Chess team hosts tourney

Pandolfini takes all 20 games

by Becka Rich

Roaming inside a square composed of five tables, chess expert and teacher Bruce Pandolfini, of "Searching for Bobby Fisher" fame, played and won 20 games of chess at the same time. Pandolfini was the guest speaker at Oberlin Chess Club's Grand Prix tournament last weekend, for which the 20-game simultaneous exhibition was the concluding event.

Pandolfini is the first guest since the tournament's inception to win all 20 games. "He told me he has a good sense of a person's style of play from teaching," senior Angie Roberts, chess club liaison, said, "he can determine really easily what their strengths and weaknesses are and win."

Pandolfini was the basis for the character Larry Fishburne played in "Searching for Bobby Fisher." Pandolfini was also an expert chess advisor to the film's producers.

The tournament was held in Carnegie Root Room. Over 90 people, ranging in age and experience from elementary school students to Grand Masters, took part in the tournament. Chess star flexes his muscles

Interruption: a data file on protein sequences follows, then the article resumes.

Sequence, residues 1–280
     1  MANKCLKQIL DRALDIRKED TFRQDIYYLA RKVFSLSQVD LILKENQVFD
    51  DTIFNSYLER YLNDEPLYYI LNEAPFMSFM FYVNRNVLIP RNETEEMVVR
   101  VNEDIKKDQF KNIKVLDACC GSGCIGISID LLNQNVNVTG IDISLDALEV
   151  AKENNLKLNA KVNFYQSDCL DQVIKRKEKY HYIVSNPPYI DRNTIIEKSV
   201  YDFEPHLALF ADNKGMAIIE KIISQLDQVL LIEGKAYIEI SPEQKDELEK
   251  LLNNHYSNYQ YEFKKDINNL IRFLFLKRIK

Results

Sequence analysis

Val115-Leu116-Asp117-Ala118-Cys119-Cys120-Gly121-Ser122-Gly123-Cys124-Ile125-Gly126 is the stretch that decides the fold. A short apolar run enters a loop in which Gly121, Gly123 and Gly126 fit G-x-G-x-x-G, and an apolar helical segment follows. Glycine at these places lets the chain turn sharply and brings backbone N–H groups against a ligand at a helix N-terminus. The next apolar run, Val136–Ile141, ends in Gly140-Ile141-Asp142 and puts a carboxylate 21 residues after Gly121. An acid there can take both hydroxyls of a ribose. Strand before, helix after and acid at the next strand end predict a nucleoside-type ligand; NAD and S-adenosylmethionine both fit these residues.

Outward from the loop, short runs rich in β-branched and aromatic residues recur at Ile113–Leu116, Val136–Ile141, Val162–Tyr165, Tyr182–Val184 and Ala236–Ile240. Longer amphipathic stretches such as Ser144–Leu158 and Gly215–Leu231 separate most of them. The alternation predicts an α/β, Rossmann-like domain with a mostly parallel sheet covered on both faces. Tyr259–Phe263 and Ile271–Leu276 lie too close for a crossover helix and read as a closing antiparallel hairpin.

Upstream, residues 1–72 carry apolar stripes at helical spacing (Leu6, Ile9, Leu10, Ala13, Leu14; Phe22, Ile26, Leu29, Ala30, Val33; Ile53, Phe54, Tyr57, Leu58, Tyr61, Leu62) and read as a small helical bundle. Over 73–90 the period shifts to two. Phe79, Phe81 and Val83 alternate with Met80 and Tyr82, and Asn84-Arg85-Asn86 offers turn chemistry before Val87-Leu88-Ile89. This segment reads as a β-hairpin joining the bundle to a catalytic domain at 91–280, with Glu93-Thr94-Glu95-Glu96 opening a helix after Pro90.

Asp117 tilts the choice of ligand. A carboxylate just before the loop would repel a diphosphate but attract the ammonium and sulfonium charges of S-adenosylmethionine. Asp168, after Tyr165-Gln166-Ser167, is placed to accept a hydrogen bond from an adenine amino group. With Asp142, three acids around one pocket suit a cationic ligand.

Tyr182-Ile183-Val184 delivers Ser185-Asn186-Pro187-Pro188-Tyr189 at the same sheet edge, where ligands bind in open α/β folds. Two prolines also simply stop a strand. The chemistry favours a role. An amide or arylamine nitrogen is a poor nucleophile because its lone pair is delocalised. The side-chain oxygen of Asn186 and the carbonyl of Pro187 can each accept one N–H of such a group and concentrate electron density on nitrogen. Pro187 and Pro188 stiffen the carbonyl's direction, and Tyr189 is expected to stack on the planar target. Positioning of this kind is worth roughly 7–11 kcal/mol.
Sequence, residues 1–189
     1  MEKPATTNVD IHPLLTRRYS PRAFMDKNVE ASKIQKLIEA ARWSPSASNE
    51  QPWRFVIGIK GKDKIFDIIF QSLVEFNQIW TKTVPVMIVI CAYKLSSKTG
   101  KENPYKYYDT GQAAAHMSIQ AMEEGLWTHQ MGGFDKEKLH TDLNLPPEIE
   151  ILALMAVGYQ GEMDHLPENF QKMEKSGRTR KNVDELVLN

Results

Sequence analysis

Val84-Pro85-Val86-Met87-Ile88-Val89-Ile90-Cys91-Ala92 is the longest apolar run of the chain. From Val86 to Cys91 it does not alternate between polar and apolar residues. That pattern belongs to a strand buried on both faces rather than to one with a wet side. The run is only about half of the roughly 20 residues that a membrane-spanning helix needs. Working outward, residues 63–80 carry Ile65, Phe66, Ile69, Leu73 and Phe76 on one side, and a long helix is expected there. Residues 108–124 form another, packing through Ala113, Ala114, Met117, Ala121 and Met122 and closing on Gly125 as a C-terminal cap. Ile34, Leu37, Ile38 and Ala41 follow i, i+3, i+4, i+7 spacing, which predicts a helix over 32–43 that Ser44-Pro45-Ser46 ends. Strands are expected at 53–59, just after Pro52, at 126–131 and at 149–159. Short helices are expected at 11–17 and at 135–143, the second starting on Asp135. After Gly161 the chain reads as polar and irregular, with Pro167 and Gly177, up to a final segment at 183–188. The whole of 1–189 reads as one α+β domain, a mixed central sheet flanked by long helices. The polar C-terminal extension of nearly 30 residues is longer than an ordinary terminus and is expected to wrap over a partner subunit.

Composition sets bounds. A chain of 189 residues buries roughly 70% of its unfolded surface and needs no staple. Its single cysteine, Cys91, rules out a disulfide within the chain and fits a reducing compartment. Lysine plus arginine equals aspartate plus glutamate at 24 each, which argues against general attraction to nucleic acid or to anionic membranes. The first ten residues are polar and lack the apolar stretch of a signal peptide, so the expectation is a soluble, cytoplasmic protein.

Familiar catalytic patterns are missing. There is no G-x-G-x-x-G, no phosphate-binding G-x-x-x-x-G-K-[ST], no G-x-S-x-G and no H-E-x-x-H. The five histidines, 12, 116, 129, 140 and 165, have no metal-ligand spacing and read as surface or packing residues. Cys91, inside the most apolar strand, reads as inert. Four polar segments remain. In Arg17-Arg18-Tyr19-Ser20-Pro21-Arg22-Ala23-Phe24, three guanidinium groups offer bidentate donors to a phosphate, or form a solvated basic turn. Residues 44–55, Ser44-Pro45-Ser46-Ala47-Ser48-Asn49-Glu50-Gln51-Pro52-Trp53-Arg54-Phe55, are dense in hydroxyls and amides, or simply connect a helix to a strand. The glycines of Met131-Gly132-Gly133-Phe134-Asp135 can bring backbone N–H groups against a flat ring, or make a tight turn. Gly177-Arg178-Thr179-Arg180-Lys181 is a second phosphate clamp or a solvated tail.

This was the fourth year in which the Oberlin Chess Club has hosted a tournament, but it was their first Grand Prix tournament. Grand Prix tournaments are part of an ongoing nation-wide tournament which culminate in a national Grand Prix championship. Prizes for the tournament totaled $4500 and came from the registration fees of the participants. Prizes went to the winners in each of six categories, ranging from open to Expert rating.

Sophomore Elias Sardonis recounted one of his games.

"One of my best games was against a 7-year-old," Sardonis said. "She lost a tooth after the game. I've never played against someone with a loose tooth during a game before."

Sardonis explained that the girl opened with a Queen's Gambit. This is a move in which a pawn is sacrificed in return for an opportunity to gain control of the center of the board. However, Sardonis did not take her pawn.

"She kept coming up with these brilliant ways to refute my advance. There were people standing around because she had to sit on her knees to see the board," Sardonis said. "She moved faster than I did, but I eventually, with much work, managed to win. I think that when she starts to think more before she moves she's going to be quite a player."

Chess star flexes his muscles: Bruce Pandolfini won all 20 games of chess against members of the Oberlin chess team and community members. (photo courtesy of Angela Roberts)


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Copyright © 1998, The Oberlin Review.
Volume 126, Number 16, February 27, 1998

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